We all have an important role to play in being custodians of the Rotary brand. The great news is it’s very easy to ensure your club or district is using the correct logo. Through the Rotary Brand Center you can create a free, professional and on-brand logo within minutes!

You can then update all of your existing collateral with your new logo. To assist you, here is a checklist of some of the places where you can resolve in the new year to place your new logo:

  • Online platforms such as websites and social media
  • Email signatures
  • Slideshow presentations
  • Flyers
  • Brochures
  • Posters
  • Advertising and editorial
  • Banners
  • Signs
  • Merchandise

Digital platforms are always a great place to start and if you need budget for new banners or merchandise, as an example, make a plan with your club’s leadership to assign budget for these items as soon as you practically can.

As diverse as we are, collectively, we are all connected. With all of us displaying the same wheel, we can ensure every Rotary project benefit from the achievements of every other. Rotarians not only serving the community but helping other Rotarians serve the community as well! By taking pride in the way we display our brand, we know there are other Rotarians taking pride in what we have delivered, as we look forward to our next 115 years of service.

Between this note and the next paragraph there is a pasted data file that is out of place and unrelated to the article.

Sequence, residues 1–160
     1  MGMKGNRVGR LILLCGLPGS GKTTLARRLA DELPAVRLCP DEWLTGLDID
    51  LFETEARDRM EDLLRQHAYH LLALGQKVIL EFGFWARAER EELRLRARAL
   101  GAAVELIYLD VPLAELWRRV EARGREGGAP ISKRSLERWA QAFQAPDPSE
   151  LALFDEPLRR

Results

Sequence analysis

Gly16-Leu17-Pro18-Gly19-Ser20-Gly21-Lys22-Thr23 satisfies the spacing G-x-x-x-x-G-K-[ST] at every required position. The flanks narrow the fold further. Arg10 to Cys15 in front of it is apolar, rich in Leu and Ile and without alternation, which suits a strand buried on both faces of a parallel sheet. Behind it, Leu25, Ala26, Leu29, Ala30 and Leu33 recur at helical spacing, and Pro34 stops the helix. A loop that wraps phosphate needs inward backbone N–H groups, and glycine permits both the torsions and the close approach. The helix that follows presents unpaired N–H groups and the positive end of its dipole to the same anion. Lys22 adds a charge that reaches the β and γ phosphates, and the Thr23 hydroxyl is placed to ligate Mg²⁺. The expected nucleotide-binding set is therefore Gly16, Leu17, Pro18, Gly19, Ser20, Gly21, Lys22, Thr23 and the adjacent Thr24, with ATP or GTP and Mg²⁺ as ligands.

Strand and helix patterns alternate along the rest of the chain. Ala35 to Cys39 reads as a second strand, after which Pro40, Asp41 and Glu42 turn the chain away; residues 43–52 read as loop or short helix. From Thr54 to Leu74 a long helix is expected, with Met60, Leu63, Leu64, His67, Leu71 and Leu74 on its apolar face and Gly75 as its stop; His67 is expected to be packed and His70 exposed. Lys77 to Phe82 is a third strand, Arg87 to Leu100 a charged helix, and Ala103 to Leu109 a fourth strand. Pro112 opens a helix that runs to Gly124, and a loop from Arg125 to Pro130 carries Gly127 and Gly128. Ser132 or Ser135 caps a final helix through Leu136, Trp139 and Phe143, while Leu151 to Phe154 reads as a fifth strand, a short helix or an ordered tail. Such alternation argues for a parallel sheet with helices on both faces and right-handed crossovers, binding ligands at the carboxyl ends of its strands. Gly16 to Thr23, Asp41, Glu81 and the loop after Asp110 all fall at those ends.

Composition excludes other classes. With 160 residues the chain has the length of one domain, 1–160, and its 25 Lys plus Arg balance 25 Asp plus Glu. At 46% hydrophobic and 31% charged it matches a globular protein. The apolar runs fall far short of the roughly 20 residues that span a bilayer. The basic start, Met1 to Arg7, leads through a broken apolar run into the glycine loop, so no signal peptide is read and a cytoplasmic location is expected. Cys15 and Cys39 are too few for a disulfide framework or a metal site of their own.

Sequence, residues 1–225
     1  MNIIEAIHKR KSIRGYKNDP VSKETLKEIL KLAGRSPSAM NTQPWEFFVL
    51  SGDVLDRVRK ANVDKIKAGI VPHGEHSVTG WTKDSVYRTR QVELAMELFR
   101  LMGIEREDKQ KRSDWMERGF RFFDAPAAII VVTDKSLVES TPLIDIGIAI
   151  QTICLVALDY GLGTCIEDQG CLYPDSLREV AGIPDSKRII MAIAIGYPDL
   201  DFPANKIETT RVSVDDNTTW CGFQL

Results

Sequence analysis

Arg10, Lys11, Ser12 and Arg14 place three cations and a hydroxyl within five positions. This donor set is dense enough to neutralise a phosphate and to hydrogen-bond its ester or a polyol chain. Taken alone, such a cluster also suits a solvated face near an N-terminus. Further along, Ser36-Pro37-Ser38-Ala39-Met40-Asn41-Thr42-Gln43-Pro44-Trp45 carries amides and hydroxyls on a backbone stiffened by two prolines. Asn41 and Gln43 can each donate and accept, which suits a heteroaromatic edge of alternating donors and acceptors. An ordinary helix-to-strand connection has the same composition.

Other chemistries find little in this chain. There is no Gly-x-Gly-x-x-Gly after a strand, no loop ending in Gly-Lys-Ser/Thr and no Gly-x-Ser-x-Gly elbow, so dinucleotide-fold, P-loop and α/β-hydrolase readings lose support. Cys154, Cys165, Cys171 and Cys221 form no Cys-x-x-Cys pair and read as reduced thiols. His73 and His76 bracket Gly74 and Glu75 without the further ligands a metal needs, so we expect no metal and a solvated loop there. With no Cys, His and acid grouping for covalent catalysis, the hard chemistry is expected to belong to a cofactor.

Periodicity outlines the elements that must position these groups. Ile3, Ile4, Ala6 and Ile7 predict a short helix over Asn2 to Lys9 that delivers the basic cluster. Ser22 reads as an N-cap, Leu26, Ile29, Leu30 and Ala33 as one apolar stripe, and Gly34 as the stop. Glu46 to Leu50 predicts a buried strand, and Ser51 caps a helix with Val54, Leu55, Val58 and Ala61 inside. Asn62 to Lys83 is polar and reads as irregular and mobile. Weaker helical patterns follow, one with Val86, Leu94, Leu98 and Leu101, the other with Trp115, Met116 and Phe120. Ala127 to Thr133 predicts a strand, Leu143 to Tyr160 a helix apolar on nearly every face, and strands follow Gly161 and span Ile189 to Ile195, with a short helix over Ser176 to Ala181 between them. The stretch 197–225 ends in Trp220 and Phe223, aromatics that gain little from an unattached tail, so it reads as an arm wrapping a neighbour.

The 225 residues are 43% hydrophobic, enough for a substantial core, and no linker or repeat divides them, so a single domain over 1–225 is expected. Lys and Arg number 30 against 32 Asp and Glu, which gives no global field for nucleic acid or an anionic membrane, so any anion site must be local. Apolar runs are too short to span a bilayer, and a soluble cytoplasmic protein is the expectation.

11 thoughts on “Resolve to protect the Rotary brand in the new year

  1. I am staggered as to the reasoning behind the idea & change to the Rorary Wheel, in that, RI took the blue out of the Rotary Wheel. It was an instantly recognised brand that I feel has lost of it’s impact, as it does not stand out, being all one gold colour! Bring back the “blue” in the very successful old Rotary Wheel.. I think anyway, along with numerous other Rotarians..

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  2. One day over 25 years ago I was introduced to the importance of wearing “The Wheel” by Past Rotary International President Cliff Dochterman. As he explained it, “The Wheel” identifies us to our Rotary sisters and brothers—that wherever we go, we will always have a friend. Secondly, it gives us an opportunity to explain Rotary to people who do not know what “The Wheel” signifies. Since then, I have NEVER missed a day wearing “The Wheel.” Be it doing gardening, construction, on vacation, speaking before thousands of people, or meeting with presidents, prime ministers, and government leaders, I am never without my “Wheel.” I usually carry several extras in my pocket for when I meet a Rotarian who is not wearing “The Wheel.” I have come to realize that wearing the Rotary pin does not make one a Rotarian; however, not wearing one indicates the lack of pride of being a member of the number one service club in the world. I have been gifted “Wheels” over 75 years old and for me, when I line them up, their changes are obvious; however, no matter which one I wear, the meaning remains the same.